…Once the hegemonic grammar of political contestation, the language of distribution is less salient today. The movements that not long ago boldly demanded an equitable share of resources and wealth have not, to be sure, wholly disappeared. But thanks to the sustained neoliberal rhetorical assault on egalitarianism, to the absence of any credible model of ‘feasible socialism’ and to widespread doubts about the viability of state-Keynesian social democracy in the face of globalization, their role has been greatly reduced.
We are facing, then, a new constellation in the grammar of political claims-making—and one that is disturbing on two counts. First, this move from redistribution to recognition is occurring despite—or because of—an acceleration of economic globalization, at a time when an aggressively expanding capitalism is radically exacerbating economic inequality. In this context, questions of recognition are serving less to supplement, complicate and enrich redistributive struggles than to marginalize, eclipse and displace them. I shall call this the problem of displacement. Second, today’s recognition struggles are occurring at a moment of hugely increasing transcultural interaction and communication, when accelerated migration and global media flows are hybridizing and pluralizing cultural forms. Yet the routes such struggles take often serve not to promote respectful interaction within increasingly multicultural contexts, but to drastically simplify and reify group identities. They tend, rather, to encourage separatism, intolerance and chauvinism, patriarchalism and authoritarianism. I shall call this the problem of reification…
Fraser’s arguments have been taken up and responded to at length, but in the present context are germane given that, first, while lamenting the absence of social movements which place questions of the (radical, egalitarian re-)distribution of wealth and power at their centre, Fraser was writing at the time of the birth of a global movement to contest neo-liberalism;* secondly, APOC was born at approximately the same time. Fraser’s essay (and subsequent writings and the general discussion of her ideas which her writing provoked) can also be used to inform discussions of notions of ‘cultural’ — as opposed to ‘economic’ or ‘political’ — ‘appropriation’, another of the crimes for which CrimethInc, the (white) anarchist movement and whites in general come in for criticism/condemnation (hence references to “dread locked white punks”, “traveling college bros” and so on).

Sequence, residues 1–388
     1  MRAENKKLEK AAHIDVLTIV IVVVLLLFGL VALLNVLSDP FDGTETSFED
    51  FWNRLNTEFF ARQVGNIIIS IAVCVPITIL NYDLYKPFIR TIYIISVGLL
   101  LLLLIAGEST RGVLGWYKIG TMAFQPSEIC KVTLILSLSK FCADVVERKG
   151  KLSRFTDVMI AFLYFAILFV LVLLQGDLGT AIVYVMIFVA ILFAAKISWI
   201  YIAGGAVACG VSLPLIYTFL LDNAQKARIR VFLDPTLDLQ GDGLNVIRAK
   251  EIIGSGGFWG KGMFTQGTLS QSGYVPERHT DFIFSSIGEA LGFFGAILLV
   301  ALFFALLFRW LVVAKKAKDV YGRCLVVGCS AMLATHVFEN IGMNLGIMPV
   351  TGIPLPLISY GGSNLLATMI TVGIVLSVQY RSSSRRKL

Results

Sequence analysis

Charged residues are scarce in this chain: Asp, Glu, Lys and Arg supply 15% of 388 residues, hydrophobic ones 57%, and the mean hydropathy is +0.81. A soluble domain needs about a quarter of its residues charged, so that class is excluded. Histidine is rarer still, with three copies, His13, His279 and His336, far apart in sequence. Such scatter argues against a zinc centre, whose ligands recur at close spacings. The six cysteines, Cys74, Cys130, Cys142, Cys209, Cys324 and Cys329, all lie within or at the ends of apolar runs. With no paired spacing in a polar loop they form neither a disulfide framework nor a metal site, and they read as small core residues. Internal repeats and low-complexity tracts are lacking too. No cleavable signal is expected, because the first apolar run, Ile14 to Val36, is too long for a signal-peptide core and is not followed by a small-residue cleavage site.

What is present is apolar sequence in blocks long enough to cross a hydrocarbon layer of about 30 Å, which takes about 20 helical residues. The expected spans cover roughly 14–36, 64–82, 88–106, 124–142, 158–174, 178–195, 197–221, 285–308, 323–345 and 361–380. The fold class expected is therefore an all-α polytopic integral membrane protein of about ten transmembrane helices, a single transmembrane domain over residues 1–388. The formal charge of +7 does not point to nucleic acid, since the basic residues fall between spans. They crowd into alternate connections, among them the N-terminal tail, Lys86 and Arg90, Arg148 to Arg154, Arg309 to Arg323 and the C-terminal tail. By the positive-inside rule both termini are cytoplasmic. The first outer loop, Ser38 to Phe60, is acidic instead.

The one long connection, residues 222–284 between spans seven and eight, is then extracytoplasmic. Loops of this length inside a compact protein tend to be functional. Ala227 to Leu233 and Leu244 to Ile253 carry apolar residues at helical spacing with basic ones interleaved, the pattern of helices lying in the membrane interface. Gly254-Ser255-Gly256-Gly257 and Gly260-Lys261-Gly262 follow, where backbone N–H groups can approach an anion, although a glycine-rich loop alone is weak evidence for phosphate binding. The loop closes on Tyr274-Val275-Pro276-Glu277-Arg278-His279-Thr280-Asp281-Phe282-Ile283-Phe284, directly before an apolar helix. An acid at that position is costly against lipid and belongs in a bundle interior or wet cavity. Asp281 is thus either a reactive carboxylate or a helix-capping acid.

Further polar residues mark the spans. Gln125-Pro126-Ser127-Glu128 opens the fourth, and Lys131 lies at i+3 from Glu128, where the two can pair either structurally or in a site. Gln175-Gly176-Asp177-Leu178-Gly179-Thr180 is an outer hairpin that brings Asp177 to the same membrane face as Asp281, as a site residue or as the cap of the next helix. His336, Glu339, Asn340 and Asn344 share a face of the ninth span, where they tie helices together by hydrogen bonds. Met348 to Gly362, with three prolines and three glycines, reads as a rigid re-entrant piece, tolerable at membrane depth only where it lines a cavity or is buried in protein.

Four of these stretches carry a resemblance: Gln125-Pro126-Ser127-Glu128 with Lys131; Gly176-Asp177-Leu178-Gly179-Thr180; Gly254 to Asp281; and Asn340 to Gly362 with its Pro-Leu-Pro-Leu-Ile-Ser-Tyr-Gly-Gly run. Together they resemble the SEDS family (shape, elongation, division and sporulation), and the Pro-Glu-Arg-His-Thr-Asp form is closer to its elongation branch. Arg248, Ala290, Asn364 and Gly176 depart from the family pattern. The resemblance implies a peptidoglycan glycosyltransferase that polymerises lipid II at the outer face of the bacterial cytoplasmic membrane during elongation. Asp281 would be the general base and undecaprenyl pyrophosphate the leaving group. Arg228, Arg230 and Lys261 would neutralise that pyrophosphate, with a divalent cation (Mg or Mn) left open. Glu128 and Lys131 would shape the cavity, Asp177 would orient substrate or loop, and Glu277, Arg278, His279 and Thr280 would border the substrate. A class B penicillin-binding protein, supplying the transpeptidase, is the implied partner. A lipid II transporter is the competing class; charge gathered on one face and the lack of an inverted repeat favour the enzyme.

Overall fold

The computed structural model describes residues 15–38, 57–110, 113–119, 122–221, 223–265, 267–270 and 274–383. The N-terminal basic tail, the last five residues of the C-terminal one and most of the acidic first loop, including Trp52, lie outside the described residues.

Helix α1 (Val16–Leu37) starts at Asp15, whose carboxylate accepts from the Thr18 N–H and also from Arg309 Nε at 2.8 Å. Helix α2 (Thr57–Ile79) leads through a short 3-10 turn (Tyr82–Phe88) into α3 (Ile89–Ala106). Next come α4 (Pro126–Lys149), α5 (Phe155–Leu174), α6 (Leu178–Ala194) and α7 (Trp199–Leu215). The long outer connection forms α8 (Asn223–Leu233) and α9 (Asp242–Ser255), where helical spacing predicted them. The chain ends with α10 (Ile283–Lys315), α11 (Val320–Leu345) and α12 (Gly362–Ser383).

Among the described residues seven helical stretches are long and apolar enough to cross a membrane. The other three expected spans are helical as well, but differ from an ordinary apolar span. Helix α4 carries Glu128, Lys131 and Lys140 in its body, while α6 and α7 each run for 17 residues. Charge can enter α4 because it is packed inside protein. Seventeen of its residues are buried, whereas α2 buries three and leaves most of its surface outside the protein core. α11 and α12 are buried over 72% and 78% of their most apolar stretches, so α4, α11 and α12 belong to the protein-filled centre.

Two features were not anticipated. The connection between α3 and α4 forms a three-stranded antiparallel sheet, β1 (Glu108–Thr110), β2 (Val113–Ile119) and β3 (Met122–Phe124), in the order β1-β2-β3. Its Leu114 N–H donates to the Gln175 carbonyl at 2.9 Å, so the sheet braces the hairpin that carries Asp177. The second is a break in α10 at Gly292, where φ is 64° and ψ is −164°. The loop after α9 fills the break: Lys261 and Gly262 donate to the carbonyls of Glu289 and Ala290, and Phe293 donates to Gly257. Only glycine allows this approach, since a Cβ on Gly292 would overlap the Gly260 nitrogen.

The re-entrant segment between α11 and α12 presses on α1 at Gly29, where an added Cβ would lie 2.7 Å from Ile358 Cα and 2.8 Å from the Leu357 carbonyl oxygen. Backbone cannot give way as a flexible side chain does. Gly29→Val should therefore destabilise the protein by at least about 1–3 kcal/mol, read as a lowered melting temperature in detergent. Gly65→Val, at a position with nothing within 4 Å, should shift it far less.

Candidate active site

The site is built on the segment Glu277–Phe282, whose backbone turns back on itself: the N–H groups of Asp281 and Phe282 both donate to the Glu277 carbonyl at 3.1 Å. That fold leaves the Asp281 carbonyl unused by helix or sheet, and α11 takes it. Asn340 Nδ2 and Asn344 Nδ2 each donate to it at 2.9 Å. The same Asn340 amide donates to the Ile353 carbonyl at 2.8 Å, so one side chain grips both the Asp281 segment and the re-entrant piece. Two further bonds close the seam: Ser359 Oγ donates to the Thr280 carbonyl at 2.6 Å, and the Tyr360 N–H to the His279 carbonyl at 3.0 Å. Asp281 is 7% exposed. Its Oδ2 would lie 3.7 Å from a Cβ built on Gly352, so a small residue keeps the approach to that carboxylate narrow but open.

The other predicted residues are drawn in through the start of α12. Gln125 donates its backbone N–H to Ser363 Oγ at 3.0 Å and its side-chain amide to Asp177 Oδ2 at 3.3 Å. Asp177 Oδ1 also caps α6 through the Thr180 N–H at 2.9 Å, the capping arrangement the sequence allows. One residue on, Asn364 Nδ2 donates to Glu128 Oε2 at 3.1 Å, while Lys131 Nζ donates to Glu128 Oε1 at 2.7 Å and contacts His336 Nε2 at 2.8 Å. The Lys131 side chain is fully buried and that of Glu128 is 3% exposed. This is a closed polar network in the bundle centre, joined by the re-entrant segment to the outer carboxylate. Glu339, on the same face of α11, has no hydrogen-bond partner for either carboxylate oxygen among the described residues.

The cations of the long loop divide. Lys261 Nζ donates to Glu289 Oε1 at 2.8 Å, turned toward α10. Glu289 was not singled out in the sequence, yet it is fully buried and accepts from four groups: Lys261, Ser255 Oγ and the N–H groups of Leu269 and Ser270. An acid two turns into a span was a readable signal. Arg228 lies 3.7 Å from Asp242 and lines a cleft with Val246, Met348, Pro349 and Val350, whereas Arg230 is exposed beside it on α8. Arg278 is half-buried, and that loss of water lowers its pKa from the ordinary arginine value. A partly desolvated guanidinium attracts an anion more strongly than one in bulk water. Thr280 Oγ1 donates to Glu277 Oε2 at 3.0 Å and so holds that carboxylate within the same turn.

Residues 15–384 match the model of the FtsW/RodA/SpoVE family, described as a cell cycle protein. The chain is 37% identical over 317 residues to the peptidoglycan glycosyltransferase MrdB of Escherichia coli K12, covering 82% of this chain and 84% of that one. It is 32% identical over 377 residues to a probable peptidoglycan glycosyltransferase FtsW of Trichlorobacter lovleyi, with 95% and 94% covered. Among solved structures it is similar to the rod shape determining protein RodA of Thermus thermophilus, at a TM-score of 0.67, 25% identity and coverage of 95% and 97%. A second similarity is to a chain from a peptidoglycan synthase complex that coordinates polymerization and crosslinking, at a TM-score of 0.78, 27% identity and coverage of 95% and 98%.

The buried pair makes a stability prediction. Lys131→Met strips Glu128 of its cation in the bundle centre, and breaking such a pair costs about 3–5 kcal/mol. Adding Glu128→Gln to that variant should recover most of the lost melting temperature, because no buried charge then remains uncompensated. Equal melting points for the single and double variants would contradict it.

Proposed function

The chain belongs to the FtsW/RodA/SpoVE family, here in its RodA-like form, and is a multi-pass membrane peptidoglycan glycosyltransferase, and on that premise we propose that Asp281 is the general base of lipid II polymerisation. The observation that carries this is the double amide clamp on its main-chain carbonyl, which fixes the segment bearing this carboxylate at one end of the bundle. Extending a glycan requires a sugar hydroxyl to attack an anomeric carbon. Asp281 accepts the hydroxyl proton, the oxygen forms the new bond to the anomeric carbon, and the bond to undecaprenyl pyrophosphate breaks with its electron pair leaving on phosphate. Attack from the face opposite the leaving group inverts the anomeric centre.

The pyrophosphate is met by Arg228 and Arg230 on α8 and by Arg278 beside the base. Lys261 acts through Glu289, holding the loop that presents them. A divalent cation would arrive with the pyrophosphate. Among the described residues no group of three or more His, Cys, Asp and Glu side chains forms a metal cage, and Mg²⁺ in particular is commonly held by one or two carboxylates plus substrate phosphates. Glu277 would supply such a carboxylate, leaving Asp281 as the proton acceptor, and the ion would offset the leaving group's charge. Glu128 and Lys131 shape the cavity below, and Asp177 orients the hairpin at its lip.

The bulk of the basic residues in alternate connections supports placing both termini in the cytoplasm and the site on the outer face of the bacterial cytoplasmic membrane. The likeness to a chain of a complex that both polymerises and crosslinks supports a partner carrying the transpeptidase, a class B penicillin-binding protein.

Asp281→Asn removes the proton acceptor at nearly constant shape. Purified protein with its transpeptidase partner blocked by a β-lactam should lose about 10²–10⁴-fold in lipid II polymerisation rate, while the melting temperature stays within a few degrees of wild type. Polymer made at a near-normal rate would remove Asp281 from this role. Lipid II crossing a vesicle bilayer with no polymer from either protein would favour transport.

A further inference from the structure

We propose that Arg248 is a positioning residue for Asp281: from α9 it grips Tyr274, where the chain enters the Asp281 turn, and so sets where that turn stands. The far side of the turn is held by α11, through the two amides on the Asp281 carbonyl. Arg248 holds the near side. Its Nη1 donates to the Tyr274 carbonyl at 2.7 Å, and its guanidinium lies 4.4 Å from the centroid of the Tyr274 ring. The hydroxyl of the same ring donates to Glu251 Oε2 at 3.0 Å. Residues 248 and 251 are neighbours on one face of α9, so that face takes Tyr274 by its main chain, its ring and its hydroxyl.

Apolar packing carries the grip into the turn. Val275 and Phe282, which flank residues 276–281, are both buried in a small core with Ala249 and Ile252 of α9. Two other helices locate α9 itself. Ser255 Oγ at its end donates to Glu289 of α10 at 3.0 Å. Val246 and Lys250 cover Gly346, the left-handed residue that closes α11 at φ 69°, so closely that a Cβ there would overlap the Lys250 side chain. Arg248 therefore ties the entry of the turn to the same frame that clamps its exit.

- *Or rather, previously, largely subterranean movements in the West began to become more vocal and their activities more frequent and widespread — resistance to ‘neoliberalism’ may also, and more accurately perhaps, be located in those movements in the ‘Third World’ which fought the imposition of ‘Structural Adjustment Programs’ upon their governments and societies during the 1970s and 1980s; the evolution of this resistance is detailed in scores of books not written by me.
Beyond this, it is also useful to view ‘identity’ as something more- or other-than self-proclamation. Rather, ‘identity’ may be understood as having a ‘social’ composition, of arising from complex interactions, both ‘personal’ and ‘political’, involving processes of ‘interpellation’ (Althusser), of ‘performance’ (Butler) and of ‘discourse’ (of course). Secondly, as Uncle Noam noted in his ‘Notes on Anarchism’, ‘A French writer, sympathetic to anarchism, wrote in the 1890s that “anarchism has a broad back, like paper it endures anything” — including, he noted those whose acts are such that “a mortal enemy of anarchism could not have done better”.’ The point is not that the use of Smack by some APOC amounts to much more than a storm in a teacup full of chai; rather, that ‘anarchism’ endures all kindsa crazy stunts, including those which emanate, seemingly, from a misplaced vanguardism. For example…
At the 1985 London Anarchist Bookfair, the very dangerous Ian Bone (Bash the Rich, Tangent Books, 2006, p.178) writes:
Having sold shitloads of Class War with Martin I took the stage at the end of the day. Well, actually, there was already someone on the stage so I had to push them off it first. Unfortunately, that person was Donald Rooum — a veteran comrade I have a lot of respect for going back to his framing by the police for intending to throw a brick at the Queen of Greece in the 1960s. However, it wasn’t really Donald I was shoving off the stage but the old anarchist movement. Drunk as fuck I declared: